We opted to forgo a subtitle on this, our 18th Toronto’s Vital Signs Report. How to sum up 18 months of devastation and despair? There’s no simple roundup, no original, insightful, singular analysis that can make sense of all of this. There’s little comfort in pretty words in the face of the greatest crisis of many of our lives. Instead, we share a simple message: Let’s Get Better.
Also absent from the cover is the word equity. Some may see this as an omission. But for us the reality of our city’s foundation and advancing inequality is implicit throughout this report. It surfaced in all 10 chapters we track in our attempt to understand the evolving nature of quality of life in Toronto. The facts of the growing divide between who thrives and who doesn’t were reinforced time and time again, through the dozens of interviews we did and the almost 250 citations from what is without a doubt the most comprehensive collection of inputs into making sense of our city.
We believe better means more equal. More kind, more fair, more just.
If we’ve learned one thing during the pandemic, it is that we were not prepared. Our report shows the ramifications of this, and it’s not the same for everyone. Those at the bottom of the income ladder were hit the hardest — on all indicators — and this hurts everyone. What we do next will say a lot about who we are and what we value as a society.
We don’t have all the answers, but we certainly know now where the problems lie.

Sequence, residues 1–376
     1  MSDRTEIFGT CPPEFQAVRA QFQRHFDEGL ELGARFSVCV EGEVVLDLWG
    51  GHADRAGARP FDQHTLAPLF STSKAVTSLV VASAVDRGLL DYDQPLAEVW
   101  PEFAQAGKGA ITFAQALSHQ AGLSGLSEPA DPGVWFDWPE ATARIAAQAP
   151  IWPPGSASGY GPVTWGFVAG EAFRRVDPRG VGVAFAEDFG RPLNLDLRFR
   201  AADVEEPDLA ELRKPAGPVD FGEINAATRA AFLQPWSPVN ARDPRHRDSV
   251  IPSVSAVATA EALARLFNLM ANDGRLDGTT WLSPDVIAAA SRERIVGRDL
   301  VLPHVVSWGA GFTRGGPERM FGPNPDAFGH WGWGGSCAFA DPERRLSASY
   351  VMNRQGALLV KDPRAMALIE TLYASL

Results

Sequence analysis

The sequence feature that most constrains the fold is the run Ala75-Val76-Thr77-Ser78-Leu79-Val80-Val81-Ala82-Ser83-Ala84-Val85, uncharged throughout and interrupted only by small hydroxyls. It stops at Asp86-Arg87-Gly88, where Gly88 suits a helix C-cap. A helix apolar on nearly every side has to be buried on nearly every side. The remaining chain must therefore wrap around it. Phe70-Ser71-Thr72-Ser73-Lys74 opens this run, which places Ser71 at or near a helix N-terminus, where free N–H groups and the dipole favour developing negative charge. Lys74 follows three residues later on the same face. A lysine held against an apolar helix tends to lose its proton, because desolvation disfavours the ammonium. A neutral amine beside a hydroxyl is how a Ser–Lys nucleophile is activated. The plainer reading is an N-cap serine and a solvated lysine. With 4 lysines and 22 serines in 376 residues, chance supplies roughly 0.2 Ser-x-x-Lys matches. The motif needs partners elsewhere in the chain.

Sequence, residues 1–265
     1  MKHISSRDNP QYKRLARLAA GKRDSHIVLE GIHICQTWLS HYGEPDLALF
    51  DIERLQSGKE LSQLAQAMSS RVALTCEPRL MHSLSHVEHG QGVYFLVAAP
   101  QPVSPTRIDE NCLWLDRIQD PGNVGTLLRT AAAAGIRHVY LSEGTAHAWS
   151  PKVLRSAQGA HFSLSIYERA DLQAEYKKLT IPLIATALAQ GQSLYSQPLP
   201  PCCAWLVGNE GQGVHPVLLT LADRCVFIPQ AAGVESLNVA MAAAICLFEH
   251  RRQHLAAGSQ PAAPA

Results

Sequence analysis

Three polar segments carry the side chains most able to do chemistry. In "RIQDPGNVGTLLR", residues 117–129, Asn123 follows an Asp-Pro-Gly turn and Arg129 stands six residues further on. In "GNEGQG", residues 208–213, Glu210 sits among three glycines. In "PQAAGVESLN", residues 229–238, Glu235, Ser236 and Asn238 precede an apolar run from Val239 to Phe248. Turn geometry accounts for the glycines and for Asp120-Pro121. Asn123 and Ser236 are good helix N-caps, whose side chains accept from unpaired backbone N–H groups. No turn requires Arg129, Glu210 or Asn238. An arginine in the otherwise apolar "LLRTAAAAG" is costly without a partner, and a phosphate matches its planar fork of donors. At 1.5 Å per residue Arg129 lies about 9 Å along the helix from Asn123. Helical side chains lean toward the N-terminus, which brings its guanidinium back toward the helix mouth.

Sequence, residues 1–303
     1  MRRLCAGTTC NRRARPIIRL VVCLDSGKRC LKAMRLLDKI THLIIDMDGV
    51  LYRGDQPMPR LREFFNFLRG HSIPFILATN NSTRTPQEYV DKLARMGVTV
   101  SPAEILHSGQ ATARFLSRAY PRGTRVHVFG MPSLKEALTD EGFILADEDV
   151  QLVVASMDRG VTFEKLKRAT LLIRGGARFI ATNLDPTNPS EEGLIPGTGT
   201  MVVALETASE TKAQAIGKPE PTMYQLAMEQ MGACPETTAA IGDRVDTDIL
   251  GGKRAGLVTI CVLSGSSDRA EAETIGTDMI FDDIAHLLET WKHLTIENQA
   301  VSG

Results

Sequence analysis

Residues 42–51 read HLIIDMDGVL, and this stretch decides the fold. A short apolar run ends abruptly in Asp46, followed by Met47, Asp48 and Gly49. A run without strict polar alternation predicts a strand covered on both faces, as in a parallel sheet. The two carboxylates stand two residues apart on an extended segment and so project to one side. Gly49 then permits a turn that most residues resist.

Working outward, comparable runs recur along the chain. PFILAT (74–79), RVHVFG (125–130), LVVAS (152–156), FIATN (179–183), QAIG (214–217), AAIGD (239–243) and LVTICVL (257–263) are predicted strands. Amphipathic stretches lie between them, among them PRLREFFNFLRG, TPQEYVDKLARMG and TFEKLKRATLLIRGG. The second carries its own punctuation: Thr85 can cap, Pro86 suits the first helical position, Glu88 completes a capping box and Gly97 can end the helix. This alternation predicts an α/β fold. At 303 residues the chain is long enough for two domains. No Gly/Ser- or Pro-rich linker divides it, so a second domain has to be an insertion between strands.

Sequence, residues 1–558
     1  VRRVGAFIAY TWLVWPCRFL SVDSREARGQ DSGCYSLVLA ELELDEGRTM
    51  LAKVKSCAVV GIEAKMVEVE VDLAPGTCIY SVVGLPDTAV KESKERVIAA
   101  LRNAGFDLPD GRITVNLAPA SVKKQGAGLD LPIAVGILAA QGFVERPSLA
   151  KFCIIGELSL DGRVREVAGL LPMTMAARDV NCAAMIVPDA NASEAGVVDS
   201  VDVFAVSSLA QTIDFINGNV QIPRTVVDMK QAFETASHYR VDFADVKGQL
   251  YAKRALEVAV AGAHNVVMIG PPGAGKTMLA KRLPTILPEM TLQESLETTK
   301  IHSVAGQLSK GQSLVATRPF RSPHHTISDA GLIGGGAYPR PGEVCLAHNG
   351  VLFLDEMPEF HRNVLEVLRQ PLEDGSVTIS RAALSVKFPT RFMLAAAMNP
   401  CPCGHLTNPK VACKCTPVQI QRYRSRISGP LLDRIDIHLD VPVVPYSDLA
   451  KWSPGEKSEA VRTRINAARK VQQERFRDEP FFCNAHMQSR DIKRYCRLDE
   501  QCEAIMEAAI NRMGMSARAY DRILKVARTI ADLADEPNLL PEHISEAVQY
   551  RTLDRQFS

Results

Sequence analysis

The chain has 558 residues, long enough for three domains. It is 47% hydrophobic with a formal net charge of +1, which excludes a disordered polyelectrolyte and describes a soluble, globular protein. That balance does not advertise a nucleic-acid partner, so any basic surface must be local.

Racism, hatred of all kinds, and indifference to the suffering of others have risen to the fore in these months of profound loss and separation.
On our own we have little to offer. But together we truly can learn from this experience. We can imagine a better city and we can build it, too.
In philanthropy we have our own reckoning underway. Our world profited while the death toll mounted, jobs disappeared, depression soared, and we came face to face with our colonial crimes. The very systems that enable wealth to prosper and fuel charity sustain a status quo that propel some forward and hold the rest in the rear. Better for us means stepping up by stepping back. It means questioning everything and following the lead of those whose lived experience of inequality must chart the road ahead.
In each chapter of the report we highlight some opportunities and obstacles to getting better. They are by no means exhaustive, but a place to begin. In the past, Toronto Foundation has refrained from making direct recommendations to policymakers and others, but we believe the unprecedented nature of this pandemic compels us to use our community insights to mobilize others into action. At the end of each chapter you will find some priorities for decision-makers and tips for just about anyone who cares about Toronto and wants to make it the best it can be.
But to close my note, I offer four simple steps to the mix:
JOIN THE 90%
The Globe and Mail said it first. With 90% of the population vaccinated, we stand a chance of defeating this thing and protecting our most vulnerable neighbours.
Make space and give money to individuals and organizations who live the realities of inequality and are brave enough to speak up and challenge the status quo.
ALWAYS VOTE WITH AN EQUITY LENS
Imagine what our world could look like if we put others less advantaged first before ourselves.
REMEMBER THAT WE ARE ALL TREATY PEOPLE
With the exception of Indigenous peoples, all of us have benefited from treaties in some way. Now, reciprocity and restitution are the only way forward.
President & CEO
Fundholder, Avery Family Foundation